“Oh, dear!” sighed Meg. “I wish I’d been sensible and worn my own things, then I should not have disgusted other people, or felt so uncomfortable and ashamed myself.”

  She leaned her forehead on the cool pane, and stood half hidden by the curtains, never minding that her favorite waltz had begun, till someone touched her; and, turning, she saw Laurie, looking penitent, as he said, with his very best bow and his hand out—

  “Please forgive my rudeness, and come and dance with me.”

  “I’m afraid it will be too disagreeable to you,” said Meg, trying to look offended and failing entirely.

  “Not a bit of it, I’m dying to do it. Come, I’ll be good. I don’t like your gown, but I do think you are—just splendid.” And he waved his hands, as if words failed to express his admiration.

  Meg smiled and relented, and whispered as they stood waiting to catch the time, “Take care my skirt doesn’t trip you up; it’s the plague of my life and I was a goose to wear it.”

  “Pin it round your neck, and then it will be useful,” said Laurie, looking down at the little blue boots, which he evidently approved of.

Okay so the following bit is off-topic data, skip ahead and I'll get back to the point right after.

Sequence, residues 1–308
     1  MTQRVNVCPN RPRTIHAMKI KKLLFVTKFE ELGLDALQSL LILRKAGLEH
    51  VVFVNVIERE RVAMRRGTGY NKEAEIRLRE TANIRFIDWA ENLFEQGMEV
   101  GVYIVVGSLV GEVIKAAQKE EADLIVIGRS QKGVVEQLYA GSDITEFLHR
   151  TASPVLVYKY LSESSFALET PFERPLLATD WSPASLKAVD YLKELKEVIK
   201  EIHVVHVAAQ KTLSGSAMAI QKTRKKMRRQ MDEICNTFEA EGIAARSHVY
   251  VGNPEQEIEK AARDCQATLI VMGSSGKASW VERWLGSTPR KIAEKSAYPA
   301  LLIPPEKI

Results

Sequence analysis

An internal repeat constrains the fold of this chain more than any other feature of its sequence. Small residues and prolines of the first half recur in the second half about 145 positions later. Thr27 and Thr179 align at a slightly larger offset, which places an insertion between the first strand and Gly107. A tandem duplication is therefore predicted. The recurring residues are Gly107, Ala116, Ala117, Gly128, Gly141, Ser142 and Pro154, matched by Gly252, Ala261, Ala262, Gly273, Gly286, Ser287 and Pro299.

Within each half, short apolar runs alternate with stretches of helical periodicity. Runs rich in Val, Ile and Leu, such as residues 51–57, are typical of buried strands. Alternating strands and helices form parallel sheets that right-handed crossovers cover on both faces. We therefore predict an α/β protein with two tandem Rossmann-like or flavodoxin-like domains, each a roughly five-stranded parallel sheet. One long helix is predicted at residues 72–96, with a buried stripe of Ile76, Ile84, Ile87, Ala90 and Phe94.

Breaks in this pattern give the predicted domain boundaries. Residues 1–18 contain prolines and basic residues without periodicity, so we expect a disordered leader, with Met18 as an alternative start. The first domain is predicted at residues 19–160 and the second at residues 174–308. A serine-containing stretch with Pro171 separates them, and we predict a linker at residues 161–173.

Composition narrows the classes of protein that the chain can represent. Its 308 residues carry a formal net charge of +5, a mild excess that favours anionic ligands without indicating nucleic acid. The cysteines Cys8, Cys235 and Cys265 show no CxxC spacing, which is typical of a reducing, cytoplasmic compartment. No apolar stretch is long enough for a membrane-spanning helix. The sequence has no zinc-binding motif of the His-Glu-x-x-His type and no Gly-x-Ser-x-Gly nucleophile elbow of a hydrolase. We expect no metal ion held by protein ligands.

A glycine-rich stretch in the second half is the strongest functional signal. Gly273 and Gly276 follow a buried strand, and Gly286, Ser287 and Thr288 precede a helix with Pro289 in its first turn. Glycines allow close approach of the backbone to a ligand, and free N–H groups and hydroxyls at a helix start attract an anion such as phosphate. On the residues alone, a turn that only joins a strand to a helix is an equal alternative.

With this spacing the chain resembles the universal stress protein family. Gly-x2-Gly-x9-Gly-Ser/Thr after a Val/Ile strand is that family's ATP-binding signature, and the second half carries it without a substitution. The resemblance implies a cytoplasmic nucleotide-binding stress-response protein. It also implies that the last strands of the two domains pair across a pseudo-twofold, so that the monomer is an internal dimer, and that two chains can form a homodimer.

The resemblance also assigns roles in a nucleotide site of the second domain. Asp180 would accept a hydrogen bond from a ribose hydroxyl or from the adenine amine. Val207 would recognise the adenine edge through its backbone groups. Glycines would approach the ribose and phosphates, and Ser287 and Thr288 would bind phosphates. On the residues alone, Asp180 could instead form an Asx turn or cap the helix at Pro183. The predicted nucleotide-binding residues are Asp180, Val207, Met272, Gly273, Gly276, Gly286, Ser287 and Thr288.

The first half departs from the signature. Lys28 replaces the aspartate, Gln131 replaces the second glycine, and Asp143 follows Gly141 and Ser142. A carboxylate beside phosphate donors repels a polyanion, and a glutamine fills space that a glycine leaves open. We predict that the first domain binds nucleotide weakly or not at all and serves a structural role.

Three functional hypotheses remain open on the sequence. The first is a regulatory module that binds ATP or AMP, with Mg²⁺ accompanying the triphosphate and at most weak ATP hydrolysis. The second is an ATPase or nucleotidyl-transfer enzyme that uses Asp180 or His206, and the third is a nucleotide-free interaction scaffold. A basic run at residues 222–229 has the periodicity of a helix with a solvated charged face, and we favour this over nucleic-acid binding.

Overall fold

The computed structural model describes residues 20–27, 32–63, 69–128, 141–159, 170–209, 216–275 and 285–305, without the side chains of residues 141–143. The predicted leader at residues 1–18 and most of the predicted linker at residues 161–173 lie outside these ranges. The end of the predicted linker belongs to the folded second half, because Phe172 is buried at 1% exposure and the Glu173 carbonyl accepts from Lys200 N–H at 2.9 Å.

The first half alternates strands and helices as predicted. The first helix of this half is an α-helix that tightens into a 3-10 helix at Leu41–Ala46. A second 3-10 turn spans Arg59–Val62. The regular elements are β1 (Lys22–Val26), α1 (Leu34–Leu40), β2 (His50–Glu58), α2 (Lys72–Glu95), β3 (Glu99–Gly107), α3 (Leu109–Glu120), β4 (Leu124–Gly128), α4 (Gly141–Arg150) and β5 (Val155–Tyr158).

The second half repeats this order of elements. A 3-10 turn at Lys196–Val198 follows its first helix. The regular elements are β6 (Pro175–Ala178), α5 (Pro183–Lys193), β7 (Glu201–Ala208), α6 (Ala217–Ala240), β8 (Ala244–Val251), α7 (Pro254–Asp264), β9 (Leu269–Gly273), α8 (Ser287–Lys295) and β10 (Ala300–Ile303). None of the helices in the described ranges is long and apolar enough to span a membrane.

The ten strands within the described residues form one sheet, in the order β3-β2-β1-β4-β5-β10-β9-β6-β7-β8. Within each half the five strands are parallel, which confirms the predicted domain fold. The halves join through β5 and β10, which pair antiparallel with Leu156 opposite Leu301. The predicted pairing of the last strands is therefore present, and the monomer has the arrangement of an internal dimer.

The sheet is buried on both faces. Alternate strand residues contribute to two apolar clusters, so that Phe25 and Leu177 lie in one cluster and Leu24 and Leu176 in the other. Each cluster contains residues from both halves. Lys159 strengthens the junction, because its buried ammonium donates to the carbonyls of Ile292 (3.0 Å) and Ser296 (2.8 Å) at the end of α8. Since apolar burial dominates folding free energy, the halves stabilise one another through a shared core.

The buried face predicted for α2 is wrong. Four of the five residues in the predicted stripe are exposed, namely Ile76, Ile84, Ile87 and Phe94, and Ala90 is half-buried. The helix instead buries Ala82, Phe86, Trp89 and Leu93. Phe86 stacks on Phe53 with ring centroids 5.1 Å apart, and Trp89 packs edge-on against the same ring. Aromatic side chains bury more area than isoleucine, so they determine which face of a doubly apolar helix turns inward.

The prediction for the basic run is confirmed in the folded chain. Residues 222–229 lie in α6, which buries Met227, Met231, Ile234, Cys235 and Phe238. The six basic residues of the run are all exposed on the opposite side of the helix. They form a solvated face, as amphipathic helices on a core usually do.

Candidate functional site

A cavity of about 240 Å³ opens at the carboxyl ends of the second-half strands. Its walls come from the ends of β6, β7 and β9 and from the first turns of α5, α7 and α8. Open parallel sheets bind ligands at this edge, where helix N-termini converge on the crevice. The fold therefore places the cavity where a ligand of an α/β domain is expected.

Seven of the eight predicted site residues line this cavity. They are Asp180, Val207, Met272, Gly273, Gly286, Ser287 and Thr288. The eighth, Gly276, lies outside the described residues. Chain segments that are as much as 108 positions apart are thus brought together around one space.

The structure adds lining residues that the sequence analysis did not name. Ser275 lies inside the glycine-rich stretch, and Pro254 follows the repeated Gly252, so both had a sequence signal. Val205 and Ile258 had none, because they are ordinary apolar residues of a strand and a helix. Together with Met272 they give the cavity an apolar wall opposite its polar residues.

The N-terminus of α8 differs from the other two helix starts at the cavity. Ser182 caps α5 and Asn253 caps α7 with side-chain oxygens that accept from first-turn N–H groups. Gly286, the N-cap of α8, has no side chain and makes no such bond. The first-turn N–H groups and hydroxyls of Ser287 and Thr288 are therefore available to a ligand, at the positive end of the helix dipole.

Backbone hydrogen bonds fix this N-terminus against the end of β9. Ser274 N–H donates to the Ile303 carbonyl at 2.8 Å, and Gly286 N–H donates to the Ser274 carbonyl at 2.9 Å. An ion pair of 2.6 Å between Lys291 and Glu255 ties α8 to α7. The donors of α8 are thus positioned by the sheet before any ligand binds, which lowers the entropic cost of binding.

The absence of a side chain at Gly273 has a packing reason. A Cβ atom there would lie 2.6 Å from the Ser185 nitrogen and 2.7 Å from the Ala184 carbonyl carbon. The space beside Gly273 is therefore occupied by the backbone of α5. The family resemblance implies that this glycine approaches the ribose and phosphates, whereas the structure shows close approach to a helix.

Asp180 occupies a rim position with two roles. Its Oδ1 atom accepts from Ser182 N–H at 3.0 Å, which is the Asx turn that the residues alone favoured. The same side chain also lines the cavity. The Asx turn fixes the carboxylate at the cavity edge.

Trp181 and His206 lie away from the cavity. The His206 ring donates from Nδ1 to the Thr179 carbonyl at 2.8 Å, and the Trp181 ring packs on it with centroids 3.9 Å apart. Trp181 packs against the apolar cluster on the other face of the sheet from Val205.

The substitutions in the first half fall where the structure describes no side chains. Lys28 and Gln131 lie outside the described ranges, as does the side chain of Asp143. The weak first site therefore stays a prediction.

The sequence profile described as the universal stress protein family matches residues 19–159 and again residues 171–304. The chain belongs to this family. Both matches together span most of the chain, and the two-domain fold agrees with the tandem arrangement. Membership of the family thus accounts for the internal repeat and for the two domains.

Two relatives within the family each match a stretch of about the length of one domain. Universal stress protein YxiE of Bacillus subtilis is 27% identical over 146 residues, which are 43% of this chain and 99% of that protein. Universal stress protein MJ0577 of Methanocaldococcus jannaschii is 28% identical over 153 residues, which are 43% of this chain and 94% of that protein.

Away they went fleedy and gracefully, for, having practiced at home, they were well matched, and the blithe young couple were a pleasant sight to see, as they twirled merrily round and round, feeling more friendly than ever after their small tiff.

  “Laurie, I want you to do me a favor, will you?” said Meg, as he stood fanning her when her breath gave out, which it did very soon though she would not own why.

  “Won’t I!” said Laurie, with alacrity.

  “Please don’t tell them at home about my dress tonight. They won’t understand the joke, and it will worry Mother.”

  “Then why did you do it?” said Laurie’s eyes, so plainly that Meg hastily added—

  “I shall tell them myself all about it, and ‘fess’ to Mother how silly I’ve been. But I’d rather do it myself; so you’ll not tell, will you?”

  “I give you my word I won‘t, only what shall I say when they ask me?”

  “Just say I looked pretty well and was having a good time.”

  “I’ll say the first with all my heart, but how about the other? You don’t look as if you were having a good time. Are you?” And Laurie looked at her with an expression which made her answer in a whisper—

  “No, not just now. Don’t think I’m horrid. I only wanted a little fun, but this sort doesn’t pay, I find, and I’m getting tired of it.”

  “Here comes Ned Moffat; what does he want?” said Laurie, knitting his black brows as if he did not regard his young host in the light of a pleasant addition to the party.